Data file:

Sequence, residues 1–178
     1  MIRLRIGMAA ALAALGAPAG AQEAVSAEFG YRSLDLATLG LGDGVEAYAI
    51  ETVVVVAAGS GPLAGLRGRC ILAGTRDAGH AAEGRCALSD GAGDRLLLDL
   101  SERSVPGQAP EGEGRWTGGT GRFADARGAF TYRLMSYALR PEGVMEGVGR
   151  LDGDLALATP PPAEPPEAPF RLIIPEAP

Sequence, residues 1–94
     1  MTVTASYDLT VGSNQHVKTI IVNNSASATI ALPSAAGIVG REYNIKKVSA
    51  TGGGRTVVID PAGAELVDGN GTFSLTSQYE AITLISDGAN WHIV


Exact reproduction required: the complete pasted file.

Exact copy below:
Sequence, residues 1–178
     1  MIRLRIGMAA ALAALGAPAG AQEAVSAEFG YRSLDLATLG LGDGVEAYAI
    51  ETVVVVAAGS GPLAGLRGRC ILAGTRDAGH AAEGRCALSD GAGDRLLLDL
   101  SERSVPGQAP EGEGRWTGGT GRFADARGAF TYRLMSYALR PEGVMEGVGR
   151  LDGDLALATP PPAEPPEAPF RLIIPEAP

Sequence, residues 1–94
     1  MTVTASYDLT VGSNQHVKTI IVNNSASATI ALPSAAGIVG REYNIKKVSA
    51  TGGGRTVVID PAGAELVDGN GTFSLTSQYE AITLISDGAN WHIV